By KEVIN NEVERS
This is a story about rotten kids, nature’s call, and public funds.
It’s not a new story. Go into any restroom facility in any municipal park in
the country, and there’s a good chance you’ll find that someone with a
pocket knife, a can of spray paint, or a lead pipe has been there before
That is, you’ll probably find that a vandal has been there before you only
if that restroom facility is actually open for use.
A case in point. In 1998 a handsome new restroom facility was opened on the
Prairie Duneland Trail at an approximate cost of $50,000, a portion of a $1
million federal grant obtained by the Town of Chesterton to build the trail.
It was a nice facility, cedar constructed, and a great amenity for
bicyclists and pedestrians. Six months later, after vandals had targeted it
repeatedly, the facility was closed forever and for eight years has been a
“People kept ripping it up,” Park Superintendent Bruce Mathias told the
Chesterton Tribune. “I can’t put a guy there 24 hours a day.”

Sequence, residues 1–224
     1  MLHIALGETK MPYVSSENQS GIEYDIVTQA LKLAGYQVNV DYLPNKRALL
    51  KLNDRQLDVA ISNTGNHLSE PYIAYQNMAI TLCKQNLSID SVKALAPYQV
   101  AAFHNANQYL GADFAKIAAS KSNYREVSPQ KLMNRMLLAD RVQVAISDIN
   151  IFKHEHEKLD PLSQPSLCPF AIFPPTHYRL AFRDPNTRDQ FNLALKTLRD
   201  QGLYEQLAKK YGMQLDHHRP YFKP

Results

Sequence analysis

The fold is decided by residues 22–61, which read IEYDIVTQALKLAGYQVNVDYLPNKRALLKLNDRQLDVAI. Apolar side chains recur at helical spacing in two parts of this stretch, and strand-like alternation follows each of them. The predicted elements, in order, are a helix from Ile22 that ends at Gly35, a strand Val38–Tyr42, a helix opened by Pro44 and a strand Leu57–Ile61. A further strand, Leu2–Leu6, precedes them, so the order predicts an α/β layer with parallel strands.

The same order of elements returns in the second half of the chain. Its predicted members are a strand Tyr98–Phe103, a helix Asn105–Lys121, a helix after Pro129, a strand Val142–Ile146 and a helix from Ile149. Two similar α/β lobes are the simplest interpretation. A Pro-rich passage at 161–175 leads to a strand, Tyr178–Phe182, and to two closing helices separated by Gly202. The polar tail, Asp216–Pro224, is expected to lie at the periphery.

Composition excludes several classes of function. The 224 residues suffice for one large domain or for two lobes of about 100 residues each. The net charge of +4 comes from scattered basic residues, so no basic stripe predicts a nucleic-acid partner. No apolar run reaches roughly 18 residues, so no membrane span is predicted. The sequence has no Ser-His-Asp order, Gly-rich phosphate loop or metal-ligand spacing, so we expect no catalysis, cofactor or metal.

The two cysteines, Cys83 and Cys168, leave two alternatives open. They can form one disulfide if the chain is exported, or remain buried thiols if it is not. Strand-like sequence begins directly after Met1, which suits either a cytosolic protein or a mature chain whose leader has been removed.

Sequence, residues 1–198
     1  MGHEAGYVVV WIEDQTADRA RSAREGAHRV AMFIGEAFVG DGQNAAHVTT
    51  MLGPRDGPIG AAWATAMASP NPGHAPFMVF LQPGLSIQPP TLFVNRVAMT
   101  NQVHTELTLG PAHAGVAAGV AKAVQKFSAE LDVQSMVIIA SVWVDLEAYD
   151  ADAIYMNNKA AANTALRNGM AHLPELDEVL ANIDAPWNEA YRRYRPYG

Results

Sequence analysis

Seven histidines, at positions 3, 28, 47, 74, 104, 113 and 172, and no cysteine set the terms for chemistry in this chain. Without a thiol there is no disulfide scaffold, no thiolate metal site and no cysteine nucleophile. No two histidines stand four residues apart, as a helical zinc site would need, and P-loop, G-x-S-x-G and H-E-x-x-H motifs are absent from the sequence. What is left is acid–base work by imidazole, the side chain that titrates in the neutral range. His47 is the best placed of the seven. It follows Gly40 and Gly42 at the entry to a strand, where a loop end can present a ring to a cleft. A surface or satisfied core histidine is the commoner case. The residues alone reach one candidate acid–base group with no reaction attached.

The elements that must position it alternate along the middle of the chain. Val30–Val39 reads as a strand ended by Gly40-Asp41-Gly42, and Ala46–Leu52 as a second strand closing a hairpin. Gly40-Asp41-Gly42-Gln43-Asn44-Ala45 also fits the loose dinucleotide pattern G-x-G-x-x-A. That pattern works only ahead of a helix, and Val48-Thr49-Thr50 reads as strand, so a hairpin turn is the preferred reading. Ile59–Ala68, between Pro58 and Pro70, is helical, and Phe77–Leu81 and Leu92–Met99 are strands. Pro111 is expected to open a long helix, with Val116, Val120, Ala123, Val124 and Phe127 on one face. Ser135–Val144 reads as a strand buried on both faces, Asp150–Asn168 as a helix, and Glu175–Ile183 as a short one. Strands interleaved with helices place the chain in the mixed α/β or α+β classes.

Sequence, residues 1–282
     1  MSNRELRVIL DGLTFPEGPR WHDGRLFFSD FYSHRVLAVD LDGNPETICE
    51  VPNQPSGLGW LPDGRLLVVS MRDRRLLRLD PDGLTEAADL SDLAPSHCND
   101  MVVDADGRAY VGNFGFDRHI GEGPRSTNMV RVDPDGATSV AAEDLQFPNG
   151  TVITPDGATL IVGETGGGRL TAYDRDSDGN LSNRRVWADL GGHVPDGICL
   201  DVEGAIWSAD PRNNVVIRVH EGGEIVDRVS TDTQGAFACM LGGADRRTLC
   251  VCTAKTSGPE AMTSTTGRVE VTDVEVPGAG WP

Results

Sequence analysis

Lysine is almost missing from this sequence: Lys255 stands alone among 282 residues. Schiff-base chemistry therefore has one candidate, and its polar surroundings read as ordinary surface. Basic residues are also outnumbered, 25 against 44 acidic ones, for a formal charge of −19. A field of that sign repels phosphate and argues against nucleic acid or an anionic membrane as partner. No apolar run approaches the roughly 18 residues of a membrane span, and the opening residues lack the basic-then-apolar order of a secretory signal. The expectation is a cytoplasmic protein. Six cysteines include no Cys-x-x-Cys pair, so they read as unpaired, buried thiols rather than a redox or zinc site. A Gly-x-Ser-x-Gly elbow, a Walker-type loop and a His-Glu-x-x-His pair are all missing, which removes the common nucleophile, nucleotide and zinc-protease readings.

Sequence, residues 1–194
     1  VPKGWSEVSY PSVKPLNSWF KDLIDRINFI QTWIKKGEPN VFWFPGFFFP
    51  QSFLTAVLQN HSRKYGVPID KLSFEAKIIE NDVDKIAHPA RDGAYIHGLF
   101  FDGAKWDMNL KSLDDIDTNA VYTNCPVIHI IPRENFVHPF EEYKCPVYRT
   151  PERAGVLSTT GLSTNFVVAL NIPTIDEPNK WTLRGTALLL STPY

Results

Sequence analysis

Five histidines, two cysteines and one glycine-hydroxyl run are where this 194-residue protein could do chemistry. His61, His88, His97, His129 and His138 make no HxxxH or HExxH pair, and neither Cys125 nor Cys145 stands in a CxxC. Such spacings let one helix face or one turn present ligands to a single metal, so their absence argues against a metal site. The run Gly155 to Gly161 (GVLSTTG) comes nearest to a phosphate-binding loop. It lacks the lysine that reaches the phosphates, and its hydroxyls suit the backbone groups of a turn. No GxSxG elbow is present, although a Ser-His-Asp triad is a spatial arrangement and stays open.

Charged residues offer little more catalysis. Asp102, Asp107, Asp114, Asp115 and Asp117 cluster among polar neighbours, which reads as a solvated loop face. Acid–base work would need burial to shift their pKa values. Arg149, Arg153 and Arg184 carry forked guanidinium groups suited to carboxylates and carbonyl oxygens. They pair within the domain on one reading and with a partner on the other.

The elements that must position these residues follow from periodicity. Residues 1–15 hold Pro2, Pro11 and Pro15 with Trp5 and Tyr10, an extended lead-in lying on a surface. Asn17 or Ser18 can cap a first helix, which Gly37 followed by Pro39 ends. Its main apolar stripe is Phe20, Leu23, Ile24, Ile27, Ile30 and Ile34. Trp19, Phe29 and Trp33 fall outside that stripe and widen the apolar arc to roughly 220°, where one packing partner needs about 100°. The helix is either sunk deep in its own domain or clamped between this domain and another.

Two weeks ago a crew began gutting that facility. Its parts and plumbing
will be cannibalized for use elsewhere, and a pair of portable chemical
toilets will be installed—and secured—in the shell.
The Parks and Recreation Department (PRD) is hardly alone in its ongoing
battle against restroom vandals. Mathias cited the case of an extensive bike
trail in Colorado on which permanent restroom facilities were likewise
replaced with portable chemical toilets after it was determined to be
cheaper simply to empty the chemical toilets periodically than it would be
continually to repair the vandalized restrooms.
Portable toilets are one solution. Another is a virtually indestructible
facility, as Park Board Member Vince Emanuele recalls the Chicago Park
District’s installing at one time. “Those park restrooms were almost
unbelievable,” he said. “All-concrete construction, even the urinals. They